Get Hard

Le sigh. I don’t know whose cooning/new black antics are worse Kevin Hart, Raven-Symoné, or Kayne West (okay, okay…West will always take the cake). Between his anti-black woman sentiments (and to me) unfunny standup shows, Hart is a close runner-up. Why is that every five years we are subjected to a film featuring one white dude/one black dude, and the black dude is always teaching the white dude how to be hip (the only exception to this is Queen Latifah’s Bringing Down the House).

Get-Hard-Poster-2

Mark Hughes wrote an interesting review of this movie. He tried to make the film sound deeper than what it is. In the end it’s still a white man’s story, with a goofy black side kick.

A Litany For Survival: the Life and Work of Audre Lorde

March is Women’s History Month.

“Women’s History Month is an annual declared month that highlights the contributions of women to events in history and contemporary society. It is celebrated during March in the United States, the United Kingdom, and Australia, corresponding with International Women’s Day on March 8, and during October in Canada, corresponding with the celebration of Persons Day on October 18.”http://en.wikipedia.org/wiki/Women’s_History_Month

While we tend to be a bit more open talking about racism in this country, we fail to discuss the hatred of women that permeates in our society. It’s not hard to pick up on the loathing via mainstream media.

As a Black woman, I often have to navigate high levels of anti-blackness/femaleness in my daily encounters with white folks/men.

Black feminist scholar Moya Bailey coined the term “Misogynoir” to speak to the unique form of hostility that is geared towards Black women simply for being Black and women (Yes, Madonna and Patricia Arquette you can be both).

While I haven’t been able to do too much for Women’s History Month, I was able to attend a film showing of “A Litany For Survival: the Life and Work of Audre Lorde.”

Audre Lorde tends to be revered in feminists communities. After watching the documentary it became clear why the self-proclaimed “black, lesbian, mother, warrior, poet,” is loved. Lorde was a great creative spirit/orator/intellectual.

It was hard to watch the latter years of her life, as she battled cancer. There was one scene (I can’t remember if she was with her daughter or a friend) but even as she could barely speak/was weak from cancer, she was brainstorming how to put an activist conference together. Her daughter/friend told her “No, I wanted us to talk about you doing something fun.” Lorde titled her head slightly and let out a soft sigh.  She had a small smile on her face. She was a thinker/organizer until the end.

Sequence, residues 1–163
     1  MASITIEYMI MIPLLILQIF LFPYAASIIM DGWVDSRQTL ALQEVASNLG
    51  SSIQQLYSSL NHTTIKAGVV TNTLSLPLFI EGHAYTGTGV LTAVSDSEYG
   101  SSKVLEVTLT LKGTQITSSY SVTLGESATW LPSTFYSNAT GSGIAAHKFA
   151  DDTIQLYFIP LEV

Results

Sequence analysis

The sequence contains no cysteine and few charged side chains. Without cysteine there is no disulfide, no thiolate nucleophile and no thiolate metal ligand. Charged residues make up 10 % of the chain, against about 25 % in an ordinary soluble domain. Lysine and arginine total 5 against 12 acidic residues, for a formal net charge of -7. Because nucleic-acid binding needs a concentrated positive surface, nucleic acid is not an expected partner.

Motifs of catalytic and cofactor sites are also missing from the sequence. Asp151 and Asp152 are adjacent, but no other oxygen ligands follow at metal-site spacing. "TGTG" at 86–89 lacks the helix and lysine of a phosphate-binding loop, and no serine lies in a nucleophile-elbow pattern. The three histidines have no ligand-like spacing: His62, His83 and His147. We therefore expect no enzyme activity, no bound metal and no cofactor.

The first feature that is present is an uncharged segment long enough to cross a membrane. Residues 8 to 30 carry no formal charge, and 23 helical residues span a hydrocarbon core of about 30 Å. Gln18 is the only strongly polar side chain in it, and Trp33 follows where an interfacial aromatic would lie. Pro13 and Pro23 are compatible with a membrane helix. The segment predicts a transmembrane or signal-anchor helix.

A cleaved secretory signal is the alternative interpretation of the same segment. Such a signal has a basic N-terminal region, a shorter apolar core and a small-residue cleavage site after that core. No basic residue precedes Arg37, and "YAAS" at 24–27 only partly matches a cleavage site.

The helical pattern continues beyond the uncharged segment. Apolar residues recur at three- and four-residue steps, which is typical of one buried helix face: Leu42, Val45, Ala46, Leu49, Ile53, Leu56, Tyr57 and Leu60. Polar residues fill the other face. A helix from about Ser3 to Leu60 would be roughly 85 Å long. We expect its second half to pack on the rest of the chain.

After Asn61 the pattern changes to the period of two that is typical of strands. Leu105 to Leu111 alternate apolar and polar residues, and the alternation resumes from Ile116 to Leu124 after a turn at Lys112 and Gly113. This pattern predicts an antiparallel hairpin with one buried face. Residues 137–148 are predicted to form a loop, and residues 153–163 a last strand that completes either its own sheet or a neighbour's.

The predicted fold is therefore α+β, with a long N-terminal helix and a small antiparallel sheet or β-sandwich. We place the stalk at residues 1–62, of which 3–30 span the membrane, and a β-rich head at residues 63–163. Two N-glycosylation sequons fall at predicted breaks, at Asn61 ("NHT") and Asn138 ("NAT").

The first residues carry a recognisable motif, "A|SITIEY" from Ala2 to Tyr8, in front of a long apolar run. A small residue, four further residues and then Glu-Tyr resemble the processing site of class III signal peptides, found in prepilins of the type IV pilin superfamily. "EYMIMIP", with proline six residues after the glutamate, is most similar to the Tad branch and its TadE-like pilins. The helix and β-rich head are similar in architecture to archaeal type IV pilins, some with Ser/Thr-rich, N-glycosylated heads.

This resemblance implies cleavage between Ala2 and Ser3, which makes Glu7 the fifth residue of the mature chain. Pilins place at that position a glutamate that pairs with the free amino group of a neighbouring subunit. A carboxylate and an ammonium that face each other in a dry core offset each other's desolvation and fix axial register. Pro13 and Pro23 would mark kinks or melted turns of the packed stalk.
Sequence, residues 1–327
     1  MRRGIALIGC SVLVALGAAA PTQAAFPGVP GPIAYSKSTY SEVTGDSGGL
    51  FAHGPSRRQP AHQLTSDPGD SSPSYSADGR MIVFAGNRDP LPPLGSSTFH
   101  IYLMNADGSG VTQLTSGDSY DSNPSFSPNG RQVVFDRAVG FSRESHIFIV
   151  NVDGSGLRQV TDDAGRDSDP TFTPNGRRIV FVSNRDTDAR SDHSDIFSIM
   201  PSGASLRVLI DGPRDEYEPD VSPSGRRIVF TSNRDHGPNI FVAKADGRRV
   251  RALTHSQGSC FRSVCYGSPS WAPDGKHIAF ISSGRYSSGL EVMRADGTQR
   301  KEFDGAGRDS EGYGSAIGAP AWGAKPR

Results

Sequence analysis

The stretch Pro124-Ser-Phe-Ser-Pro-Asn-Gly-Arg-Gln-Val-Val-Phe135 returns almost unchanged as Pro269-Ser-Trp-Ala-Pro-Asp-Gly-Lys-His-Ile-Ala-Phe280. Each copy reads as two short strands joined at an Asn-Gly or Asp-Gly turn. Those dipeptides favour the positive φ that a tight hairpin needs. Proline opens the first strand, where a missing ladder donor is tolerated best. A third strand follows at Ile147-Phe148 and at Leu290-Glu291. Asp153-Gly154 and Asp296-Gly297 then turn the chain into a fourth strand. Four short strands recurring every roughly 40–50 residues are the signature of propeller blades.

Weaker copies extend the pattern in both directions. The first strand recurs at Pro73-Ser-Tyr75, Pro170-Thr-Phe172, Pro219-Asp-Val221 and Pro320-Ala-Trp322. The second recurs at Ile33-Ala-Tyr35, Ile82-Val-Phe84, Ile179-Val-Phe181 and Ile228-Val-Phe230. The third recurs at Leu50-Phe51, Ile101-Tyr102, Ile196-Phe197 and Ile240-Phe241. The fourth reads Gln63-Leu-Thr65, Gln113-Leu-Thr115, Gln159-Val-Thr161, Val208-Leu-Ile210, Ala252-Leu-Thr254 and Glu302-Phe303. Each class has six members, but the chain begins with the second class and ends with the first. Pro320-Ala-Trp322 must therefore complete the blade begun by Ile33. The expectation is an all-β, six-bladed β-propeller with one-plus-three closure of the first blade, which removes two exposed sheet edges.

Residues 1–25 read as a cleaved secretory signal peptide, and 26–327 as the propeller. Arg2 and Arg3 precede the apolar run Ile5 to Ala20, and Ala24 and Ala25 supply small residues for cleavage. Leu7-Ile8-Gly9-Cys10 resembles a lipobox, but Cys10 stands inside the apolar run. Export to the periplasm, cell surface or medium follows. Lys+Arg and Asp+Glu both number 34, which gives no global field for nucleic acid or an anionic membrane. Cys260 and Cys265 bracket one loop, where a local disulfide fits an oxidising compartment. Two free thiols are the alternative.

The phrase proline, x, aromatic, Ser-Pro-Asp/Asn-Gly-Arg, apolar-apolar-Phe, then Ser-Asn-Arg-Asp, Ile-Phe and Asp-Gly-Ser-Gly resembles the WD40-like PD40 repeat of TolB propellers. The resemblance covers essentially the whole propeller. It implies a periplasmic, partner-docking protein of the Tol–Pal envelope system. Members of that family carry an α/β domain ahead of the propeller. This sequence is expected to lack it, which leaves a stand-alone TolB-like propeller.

I highly recommend the film. The documentary made me realize that Black women intellectuals don’t get enough shine in or out the Black community. Pop stars, actresses, fashinonistas do…but not our Black women intellectuals. Black women pretty much still have to be oversexualized or playing Mammy to get some love.

If you do nothing else this Women’s History Month, at least check out this documentary 🙂

Brownstone

I was shocked to hear about the death of  Maxee Maxwell. The singer was one of the founding members of 90’s girl group–Brownstone.

It always throws me for a loop when I hear about musical artists from my generation passing away. From Heavy D to Guru to now Maxee it always seems like a little bit of my own soul is dying.

Also,  these tragedies force me think more about the reality of death knocking on my door.  Time goes by so fast.

Rest in peace Maxwell.

Brownstone was an underrated group and often overlooked in favor for En Vogue, SWV, and ’em.

Overall, 90’s Black women singers/artists will forever ish on contemporary singers (yeah, I said it).

Of course, Brownstone’s classic song. Happy weekend 🙂